Om figures that given Vonage's 15,000 a week customer pickup pace, that $21.829 million equates to about $363 spent per new subscriber. If Vonage's television, print and outdoor advertising are added to that total, then he says that number is $400.
Om sees some troubling signs for Vonage in those numbers. I do as well:
*Because the early adopter market has been "tapped," Vonage will have to pedal harder to gain new subs. That means more ubiquitous advertising. When you hammer the market like this, you run the risk of marketing overkill. The task for Vonage will be how to keep on marketing online without resorting to desperate, disruptive tactics such as adware-directed placements and pop-ups.
*Cable providers are proving stronger competitors than anticipated for VoIP service. This will increase spending even more.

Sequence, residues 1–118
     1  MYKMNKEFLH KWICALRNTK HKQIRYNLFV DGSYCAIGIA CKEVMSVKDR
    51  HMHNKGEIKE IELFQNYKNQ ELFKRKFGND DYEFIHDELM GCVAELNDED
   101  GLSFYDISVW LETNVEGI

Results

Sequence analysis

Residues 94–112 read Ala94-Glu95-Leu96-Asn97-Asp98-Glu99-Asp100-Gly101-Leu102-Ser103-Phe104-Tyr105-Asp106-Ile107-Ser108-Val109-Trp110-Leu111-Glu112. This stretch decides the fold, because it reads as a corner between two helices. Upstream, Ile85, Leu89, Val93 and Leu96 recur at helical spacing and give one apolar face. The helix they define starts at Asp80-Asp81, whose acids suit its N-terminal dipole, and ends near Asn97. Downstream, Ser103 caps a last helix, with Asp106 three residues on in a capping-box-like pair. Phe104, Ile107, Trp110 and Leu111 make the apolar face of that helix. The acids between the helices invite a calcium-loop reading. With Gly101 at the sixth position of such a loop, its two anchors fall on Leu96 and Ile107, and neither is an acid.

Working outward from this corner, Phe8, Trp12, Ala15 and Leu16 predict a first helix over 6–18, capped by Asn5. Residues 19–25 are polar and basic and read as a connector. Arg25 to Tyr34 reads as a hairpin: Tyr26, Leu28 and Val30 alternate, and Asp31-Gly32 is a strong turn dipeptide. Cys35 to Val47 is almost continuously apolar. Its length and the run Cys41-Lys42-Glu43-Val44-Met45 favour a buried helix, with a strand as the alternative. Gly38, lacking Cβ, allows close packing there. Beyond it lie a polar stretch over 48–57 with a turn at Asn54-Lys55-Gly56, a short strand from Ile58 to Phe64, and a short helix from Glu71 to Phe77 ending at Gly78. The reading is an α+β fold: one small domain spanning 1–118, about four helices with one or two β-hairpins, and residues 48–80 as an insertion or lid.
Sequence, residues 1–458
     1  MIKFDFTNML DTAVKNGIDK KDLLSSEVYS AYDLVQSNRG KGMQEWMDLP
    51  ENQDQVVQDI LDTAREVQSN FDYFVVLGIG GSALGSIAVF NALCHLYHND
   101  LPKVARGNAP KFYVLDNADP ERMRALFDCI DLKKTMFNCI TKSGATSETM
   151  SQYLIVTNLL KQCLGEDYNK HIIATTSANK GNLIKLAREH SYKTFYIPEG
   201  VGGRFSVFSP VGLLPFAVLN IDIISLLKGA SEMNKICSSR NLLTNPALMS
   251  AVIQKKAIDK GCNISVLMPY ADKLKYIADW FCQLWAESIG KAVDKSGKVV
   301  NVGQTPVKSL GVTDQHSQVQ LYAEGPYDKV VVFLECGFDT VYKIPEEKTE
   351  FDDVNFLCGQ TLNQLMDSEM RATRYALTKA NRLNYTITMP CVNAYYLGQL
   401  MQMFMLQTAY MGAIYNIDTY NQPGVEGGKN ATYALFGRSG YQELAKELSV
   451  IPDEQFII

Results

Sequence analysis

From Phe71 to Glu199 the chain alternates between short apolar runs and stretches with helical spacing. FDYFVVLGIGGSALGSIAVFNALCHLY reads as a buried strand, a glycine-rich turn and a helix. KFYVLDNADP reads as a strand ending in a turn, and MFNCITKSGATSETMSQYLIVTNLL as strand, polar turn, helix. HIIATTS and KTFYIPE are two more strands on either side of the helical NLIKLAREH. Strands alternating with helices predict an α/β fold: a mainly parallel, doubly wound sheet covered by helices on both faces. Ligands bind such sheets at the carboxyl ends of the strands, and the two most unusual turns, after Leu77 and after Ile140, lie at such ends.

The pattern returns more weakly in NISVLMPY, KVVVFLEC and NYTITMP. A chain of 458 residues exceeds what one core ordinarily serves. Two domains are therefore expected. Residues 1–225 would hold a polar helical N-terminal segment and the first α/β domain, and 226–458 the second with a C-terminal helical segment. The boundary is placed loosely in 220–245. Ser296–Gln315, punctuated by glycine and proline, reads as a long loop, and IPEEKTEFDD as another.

*Price competition at the lower end will have an impact, keep pressure on Vonage to keep monthly subscriber bills down. We're seeing this from the softphone services, as well as a group of competitors who undercut Vonage's popular $24.99 a plan by going as low as $14.99 or $19.99.
Om adds that technology investments in E911 compliance will "seriously add up," putting pressure on the timetable for Vonage's marketing ROI to kick in. At the same time, Om replies to a reader post by noting concern over churn -the phenomenon of new subscribers trying out the service for a few months, and then getting out. "Vonage never talks about that," Om says, :and from anecdotal evidence I know that it is pretty high."
How will Vonage cope? Not by raising prices, given the competition for harder-won customers. In the short term, by venture capital infusions such as the $200 million they announced earlier this month, and by continuing to outsource customer support to India.
Eventually, though, I still think they are going to be acquired. In an earlier post, I named seven reasons why Sprint would make the best suitor. I still think so.